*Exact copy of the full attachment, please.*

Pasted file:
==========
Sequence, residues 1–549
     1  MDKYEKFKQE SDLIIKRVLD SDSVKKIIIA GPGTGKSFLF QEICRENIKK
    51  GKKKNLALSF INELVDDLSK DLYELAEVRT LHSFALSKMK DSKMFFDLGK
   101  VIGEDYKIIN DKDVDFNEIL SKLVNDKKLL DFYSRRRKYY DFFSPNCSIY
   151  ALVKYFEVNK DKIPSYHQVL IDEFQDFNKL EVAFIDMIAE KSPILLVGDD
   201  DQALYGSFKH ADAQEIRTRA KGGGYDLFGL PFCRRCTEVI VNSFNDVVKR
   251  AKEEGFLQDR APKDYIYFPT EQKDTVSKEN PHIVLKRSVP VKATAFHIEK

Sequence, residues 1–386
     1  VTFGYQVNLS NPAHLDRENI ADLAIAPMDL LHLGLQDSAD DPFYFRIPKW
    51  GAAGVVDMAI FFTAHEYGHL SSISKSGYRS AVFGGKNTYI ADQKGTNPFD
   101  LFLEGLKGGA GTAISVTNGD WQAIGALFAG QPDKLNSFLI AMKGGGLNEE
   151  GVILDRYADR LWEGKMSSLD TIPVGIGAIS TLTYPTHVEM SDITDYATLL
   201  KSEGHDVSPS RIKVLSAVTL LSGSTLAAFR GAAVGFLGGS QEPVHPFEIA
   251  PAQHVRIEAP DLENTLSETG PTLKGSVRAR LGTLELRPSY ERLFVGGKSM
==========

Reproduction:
Sequence, residues 1–549
     1  MDKYEKFKQE SDLIIKRVLD SDSVKKIIIA GPGTGKSFLF QEICRENIKK
    51  GKKKNLALSF INELVDDLSK DLYELAEVRT LHSFALSKMK DSKMFFDLGK
   101  VIGEDYKIIN DKDVDFNEIL SKLVNDKKLL DFYSRRRKYY DFFSPNCSIY
   151  ALVKYFEVNK DKIPSYHQVL IDEFQDFNKL EVAFIDMIAE KSPILLVGDD
   201  DQALYGSFKH ADAQEIRTRA KGGGYDLFGL PFCRRCTEVI VNSFNDVVKR
   251  AKEEGFLQDR APKDYIYFPT EQKDTVSKEN PHIVLKRSVP VKATAFHIEK

Sequence, residues 1–386
     1  VTFGYQVNLS NPAHLDRENI ADLAIAPMDL LHLGLQDSAD DPFYFRIPKW
    51  GAAGVVDMAI FFTAHEYGHL SSISKSGYRS AVFGGKNTYI ADQKGTNPFD
   101  LFLEGLKGGA GTAISVTNGD WQAIGALFAG QPDKLNSFLI AMKGGGLNEE
   151  GVILDRYADR LWEGKMSSLD TIPVGIGAIS TLTYPTHVEM SDITDYATLL
   201  KSEGHDVSPS RIKVLSAVTL LSGSTLAAFR GAAVGFLGGS QEPVHPFEIA
   251  PAQHVRIEAP DLENTLSETG PTLKGSVRAR LGTLELRPSY ERLFVGGKSM